Country: East Timor
Date: 24 May 2014
It’s been nearly a year since I’ve been to a new country, and East Timor marks my last unvisited country in Southeast Asia. I use the New Country Day tag to mark when I have visited a new country and to note my observations of being in a country for the first time.
My original plan for coming to East Timor was to island-hop my way back to Australia as there are direct flights from Dili to Darwin. The going back to Australia plan fell fell but kept the East Timor plan. I never thought about how close East Timor was to Australia until I saw this map showing which countries are closest to Australia:
[We’re neighbours! (Image via Reddit).]
East Timor is one of the worlds newest countries, having gained independence from Indonesia in 2002 (read here for a brief introduction). I was pondering this fact at the border crossing while looking at what differentiated East from West Timor.
The language is the most noticeable difference, with Bahasa Indonesian giving way to Portuguese. I was also noticing all the details like the badges on the uniforms and vehicle number plates; all these things had to be designed from scratch 12 years ago.
And of course there is a new currency to replace the Indonesian Rupiah. East Timor has adopted the US Dollar as the official currency, though it issues East Timor centavo coins (via the Portuguese national mint) for $1 and less.
[US Dollars and East Timor centavo coins.]
Crossing over into East Timor and – apart from some flags (probably still up from the recent independence day) – I didn’t notice being in a new country; the villages still look like Indonesia’s East Nusa Tengarra region. Not far into East Timor there is a noticeable depreciation of infrastructure, with paved roads giving way to gravel-and-stone tracks which made the roads of West Timor look like Autobahns.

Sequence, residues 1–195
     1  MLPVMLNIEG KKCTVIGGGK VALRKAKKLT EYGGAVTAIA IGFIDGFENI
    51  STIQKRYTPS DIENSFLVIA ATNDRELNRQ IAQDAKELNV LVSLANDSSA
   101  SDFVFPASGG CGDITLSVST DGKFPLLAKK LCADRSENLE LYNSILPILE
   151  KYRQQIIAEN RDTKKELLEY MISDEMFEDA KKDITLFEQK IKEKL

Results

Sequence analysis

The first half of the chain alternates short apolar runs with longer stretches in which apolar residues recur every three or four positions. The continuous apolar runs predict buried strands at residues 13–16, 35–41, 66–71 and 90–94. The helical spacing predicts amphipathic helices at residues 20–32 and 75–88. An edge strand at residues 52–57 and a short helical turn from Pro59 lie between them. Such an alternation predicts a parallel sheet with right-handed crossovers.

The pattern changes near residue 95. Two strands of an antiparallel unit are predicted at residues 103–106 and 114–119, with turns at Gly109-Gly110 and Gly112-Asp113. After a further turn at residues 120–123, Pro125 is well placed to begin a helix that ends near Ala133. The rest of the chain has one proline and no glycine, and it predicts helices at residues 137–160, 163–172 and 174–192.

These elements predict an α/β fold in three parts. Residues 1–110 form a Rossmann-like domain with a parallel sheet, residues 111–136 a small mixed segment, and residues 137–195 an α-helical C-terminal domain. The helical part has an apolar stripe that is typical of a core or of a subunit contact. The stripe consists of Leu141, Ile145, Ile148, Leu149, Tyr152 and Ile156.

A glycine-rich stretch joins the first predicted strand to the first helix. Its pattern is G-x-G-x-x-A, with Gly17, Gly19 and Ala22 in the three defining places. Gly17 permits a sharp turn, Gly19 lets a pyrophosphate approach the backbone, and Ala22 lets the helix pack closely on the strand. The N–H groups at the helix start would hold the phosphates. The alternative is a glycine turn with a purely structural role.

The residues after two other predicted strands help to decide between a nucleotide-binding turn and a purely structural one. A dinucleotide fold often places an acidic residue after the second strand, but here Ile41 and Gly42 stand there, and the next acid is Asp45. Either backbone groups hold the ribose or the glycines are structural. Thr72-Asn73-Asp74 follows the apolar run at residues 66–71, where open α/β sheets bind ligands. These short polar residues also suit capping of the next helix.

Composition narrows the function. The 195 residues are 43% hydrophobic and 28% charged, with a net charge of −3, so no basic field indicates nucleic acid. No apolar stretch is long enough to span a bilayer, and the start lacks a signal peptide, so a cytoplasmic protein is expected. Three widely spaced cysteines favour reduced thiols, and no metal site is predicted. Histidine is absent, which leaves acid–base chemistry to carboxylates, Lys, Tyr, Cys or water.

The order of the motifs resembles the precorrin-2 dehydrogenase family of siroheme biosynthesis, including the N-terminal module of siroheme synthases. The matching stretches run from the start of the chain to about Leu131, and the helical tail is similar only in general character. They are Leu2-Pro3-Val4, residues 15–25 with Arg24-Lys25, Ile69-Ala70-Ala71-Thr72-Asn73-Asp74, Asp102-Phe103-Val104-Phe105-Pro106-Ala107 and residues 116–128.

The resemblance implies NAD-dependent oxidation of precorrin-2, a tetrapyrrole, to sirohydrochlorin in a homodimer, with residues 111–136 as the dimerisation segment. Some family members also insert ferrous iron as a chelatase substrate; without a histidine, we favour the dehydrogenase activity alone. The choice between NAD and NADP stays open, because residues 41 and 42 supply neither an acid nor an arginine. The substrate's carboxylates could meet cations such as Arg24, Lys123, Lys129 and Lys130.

Most of the road between the border and Dili hugs the coast and for some of the way the road is carved high on a cliff, above the sea. I’m sure one day when this road is paved and safety barriers are erected it will rank as one of worlds great coastal drives. For now though it remains a rather nail biting affair, with a precipitous fall for vehicles that lose its way.
The minibus I was on was having a hard time with the steep climbs of this road. It stalled a few times and the engine sounded angrier after every restart. The bus stalled again and then everyone started yelling; the engine was on fire. We all piled out and waited by the side of the road, watching the fire underneath the engine. It hadn’t rained once in my two weeks of travel around Nusa Tenggara, but it just so happened to be pelting down jungle rain when this happened.
The 12 passengers were standing in the pouring rain while the driver scooped up water from the puddles on the road and splashed it on the engine. Fortunately the fire went out and didn’t spread. I had taken my day bag with me, just incase (it is my baby after all), and it was soaked through.
We stood around for 10 minutes – no one complaining – and lucky for us another van from the same company was passing by. It was full of passengers but everyone made room for us. I was squashed up next to a young man from Kupang and I apologised for being saturated and making him wet too. He laughed and said it is only water.
My next concern was that a van built for 12 passengers was now carrying 24 passengers, but the driver seemed to be handling the extra weight. After two hours we arrived in Dili and I was delivered to my accommodation. The hostel I’m at feels like a hostel from the old days, filled with intrepid travellers who have seemingly been everywhere.
Like much of the Nusa Tengarra region (the islands east of Bali) East Timor doesn’t see many travellers. It seems to be most popular with those looking to get another Indonesian visa and long term wanderers counting countries. When I was in Kupang (West Timor) waiting to get my visa approval letter I met a few long distance motorbike riders who were riding overland from Europe to Australia. You can get a cargo ship from Dili to Darwin so the island of Timor has become part of the international overland highway to Australia.
I have four days in East Timor before flying back to Bangkok for a conference. I will write a separate post on my thoughts and observations on Dili.